But only if we know where we are starting from.

Now we see a reflection in a mirror; then we will see face-to-face. Now I know partially, but then I will know completely in the same way that I have been completely known. (1 Corinthians 13v12 CEB)

The “Other” Words

In my church, we talk a lot about words of life. They are meant to be words that encourage people and call them into a deeper, more joyful way of living. However, there’s another paradigm that sometimes enters into the words we listen to. There are other words out there that are much more difficult to hear, sometimes so much so that they don’t feel much like “words of life” at all. In fact, they feel a bit like.

Death.

At least, they hurt pretty bad.

Once I was with my family and I was wondering about how I hadn’t been more successful in my somewhat anti-climactic musical career, and my beloved sister just looked at me and said, “Well it’s probably because you were just too lazy and too unhealthy to be successful.”

Ouch.

But the thing is, even with words that direct, and that challenging (and trust me: I don’t really like to hear words like that), I wasn’t crushed. I didn’t yell, or lash back.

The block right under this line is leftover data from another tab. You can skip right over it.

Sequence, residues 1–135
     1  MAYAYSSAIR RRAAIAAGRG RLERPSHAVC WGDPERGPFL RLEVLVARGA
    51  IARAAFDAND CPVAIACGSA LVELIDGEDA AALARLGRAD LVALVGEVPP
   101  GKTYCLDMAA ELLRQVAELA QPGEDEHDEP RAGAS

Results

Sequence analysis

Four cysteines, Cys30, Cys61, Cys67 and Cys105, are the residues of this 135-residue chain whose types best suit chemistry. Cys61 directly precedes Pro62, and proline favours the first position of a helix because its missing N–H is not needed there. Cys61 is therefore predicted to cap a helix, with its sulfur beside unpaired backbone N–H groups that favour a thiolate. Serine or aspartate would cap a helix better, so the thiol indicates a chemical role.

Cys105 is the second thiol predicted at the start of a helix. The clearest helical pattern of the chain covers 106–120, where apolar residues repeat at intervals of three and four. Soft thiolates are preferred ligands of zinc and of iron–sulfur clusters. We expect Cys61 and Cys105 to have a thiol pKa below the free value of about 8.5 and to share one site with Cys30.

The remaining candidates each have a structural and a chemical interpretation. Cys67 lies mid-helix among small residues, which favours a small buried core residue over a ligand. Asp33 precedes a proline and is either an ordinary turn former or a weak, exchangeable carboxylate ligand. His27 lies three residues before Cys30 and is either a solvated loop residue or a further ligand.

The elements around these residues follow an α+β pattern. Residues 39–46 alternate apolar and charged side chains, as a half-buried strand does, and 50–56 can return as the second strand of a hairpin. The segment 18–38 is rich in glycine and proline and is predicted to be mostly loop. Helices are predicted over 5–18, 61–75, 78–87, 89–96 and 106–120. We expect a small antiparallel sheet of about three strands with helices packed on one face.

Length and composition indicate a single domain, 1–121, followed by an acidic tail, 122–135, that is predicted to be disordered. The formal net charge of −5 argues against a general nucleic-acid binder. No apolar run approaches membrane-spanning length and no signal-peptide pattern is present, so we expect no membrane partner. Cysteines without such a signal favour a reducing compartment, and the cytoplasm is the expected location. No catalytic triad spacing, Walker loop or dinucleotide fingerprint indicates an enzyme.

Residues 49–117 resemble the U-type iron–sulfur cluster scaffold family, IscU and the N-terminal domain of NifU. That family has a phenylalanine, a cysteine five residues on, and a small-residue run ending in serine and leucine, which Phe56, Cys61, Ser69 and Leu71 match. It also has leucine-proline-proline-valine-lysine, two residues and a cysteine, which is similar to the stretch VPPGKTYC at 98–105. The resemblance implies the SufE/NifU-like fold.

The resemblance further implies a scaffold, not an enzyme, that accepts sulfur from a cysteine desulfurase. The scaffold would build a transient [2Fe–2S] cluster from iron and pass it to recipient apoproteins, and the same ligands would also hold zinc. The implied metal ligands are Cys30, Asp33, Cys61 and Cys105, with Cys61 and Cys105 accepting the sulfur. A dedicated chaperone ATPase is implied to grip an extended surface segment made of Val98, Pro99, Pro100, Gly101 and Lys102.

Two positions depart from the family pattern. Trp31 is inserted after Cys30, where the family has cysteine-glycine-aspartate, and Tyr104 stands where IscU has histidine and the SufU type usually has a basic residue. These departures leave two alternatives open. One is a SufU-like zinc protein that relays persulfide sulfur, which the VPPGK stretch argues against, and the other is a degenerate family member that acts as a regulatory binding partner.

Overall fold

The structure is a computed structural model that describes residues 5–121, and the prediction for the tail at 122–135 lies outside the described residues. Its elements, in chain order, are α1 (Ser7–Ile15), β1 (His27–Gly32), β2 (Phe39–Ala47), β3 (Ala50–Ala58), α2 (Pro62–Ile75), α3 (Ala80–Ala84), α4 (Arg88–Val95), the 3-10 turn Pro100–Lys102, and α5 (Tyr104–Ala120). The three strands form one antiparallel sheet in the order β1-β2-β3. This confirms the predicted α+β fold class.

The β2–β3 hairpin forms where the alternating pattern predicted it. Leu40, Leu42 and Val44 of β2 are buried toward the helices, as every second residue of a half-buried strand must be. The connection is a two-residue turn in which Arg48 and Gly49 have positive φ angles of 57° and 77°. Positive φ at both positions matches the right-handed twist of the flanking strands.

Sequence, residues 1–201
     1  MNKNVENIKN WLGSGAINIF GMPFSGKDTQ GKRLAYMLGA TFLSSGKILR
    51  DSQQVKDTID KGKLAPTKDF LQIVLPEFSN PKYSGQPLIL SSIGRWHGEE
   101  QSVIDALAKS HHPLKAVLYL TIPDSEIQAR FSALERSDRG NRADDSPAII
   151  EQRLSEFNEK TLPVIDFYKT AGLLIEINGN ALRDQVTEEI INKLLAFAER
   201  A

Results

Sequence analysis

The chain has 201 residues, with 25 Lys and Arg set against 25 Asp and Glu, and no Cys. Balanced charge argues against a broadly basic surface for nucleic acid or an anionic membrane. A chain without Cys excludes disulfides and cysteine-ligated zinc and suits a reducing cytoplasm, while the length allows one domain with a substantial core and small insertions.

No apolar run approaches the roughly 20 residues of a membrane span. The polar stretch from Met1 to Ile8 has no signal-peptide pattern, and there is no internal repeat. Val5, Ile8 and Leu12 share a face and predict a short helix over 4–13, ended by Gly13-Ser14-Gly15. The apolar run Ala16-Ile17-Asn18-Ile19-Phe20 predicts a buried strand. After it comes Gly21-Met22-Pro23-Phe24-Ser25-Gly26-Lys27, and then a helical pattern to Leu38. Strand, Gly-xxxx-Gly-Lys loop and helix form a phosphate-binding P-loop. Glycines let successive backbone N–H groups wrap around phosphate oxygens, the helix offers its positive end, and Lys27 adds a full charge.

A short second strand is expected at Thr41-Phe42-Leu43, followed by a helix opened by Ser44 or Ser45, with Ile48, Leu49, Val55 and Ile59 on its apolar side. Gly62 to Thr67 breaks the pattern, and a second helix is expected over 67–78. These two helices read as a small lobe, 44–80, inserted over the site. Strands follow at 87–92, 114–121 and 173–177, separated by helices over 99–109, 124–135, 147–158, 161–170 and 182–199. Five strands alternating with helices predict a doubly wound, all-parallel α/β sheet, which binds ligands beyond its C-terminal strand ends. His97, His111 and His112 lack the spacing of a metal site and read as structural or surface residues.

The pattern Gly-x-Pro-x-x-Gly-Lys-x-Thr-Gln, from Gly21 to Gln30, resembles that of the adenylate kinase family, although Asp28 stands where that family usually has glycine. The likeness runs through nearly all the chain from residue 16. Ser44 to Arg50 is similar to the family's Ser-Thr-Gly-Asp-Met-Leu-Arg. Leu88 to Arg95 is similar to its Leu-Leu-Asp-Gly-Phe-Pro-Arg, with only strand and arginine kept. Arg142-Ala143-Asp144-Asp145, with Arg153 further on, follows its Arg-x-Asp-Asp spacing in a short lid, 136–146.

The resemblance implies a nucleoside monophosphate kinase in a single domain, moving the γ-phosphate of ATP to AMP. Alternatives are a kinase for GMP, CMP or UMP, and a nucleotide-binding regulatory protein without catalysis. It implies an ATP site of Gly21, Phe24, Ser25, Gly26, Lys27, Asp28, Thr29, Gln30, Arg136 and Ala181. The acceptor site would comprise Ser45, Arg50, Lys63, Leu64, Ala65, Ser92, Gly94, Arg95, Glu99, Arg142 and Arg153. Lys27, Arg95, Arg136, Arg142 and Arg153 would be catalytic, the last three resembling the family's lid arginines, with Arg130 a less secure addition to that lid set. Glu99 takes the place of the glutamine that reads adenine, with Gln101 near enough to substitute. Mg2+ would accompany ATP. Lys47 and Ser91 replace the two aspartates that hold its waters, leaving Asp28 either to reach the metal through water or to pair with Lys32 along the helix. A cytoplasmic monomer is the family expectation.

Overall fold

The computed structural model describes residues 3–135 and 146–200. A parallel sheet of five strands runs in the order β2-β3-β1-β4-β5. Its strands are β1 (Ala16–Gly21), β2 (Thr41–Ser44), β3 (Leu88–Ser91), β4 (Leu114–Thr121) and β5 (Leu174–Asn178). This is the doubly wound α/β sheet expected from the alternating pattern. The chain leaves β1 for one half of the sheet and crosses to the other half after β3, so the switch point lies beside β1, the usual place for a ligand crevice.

In fact, I realized that I was sitting in front of deep truth, and I had to choose whether to hear and embrace it, or turn away.

To that end, I chose to hear it, and some remarkable things happened:

  • That truth actually released me from some regret and some preoccupation with my past failures as an artist. I realized that I really was responsible—in a way—for my lack of success.
  • It led me to continue to confront those two themes—laziness and “un-health”—in my life, which has led to some cool healing.

Now, I take it as a given for Christians that we understand that sometimes death needs to happen before new life can take place.

Good Friday happens before Easter.

To that end, sometimes words of life don’t feel like words of life at all. They can feel like words of death: hard and challenging even sad. But when they are spoken by people we trust, and spoken in a manner that is designed for us to grow, these hard words can kill something inside of us that needs to die in order for growth, new life, and healing to take place.

However, I also know that words can be uttered with the intent to destroy, not resurrect; to reduce, not instruct; to hurt and not love. So before you decide to “hear” hard words, I’d offer a few suggestions:

  • Consider the source: do you trust them? Do you trust that they love you? Are they people of the light?
  • Consider the environment: were they angry when they said it (my sister was not)? Were you in a fight?
  • Consider the implications: what would happen if you took their words into your heart? In my case, I sensed that Beth’s words would set me free, and so I could allow them in.

I’ve heard other harsh words in my life, but what about you? Have you heard hard truths that ultimately invited you to grow in profound ways?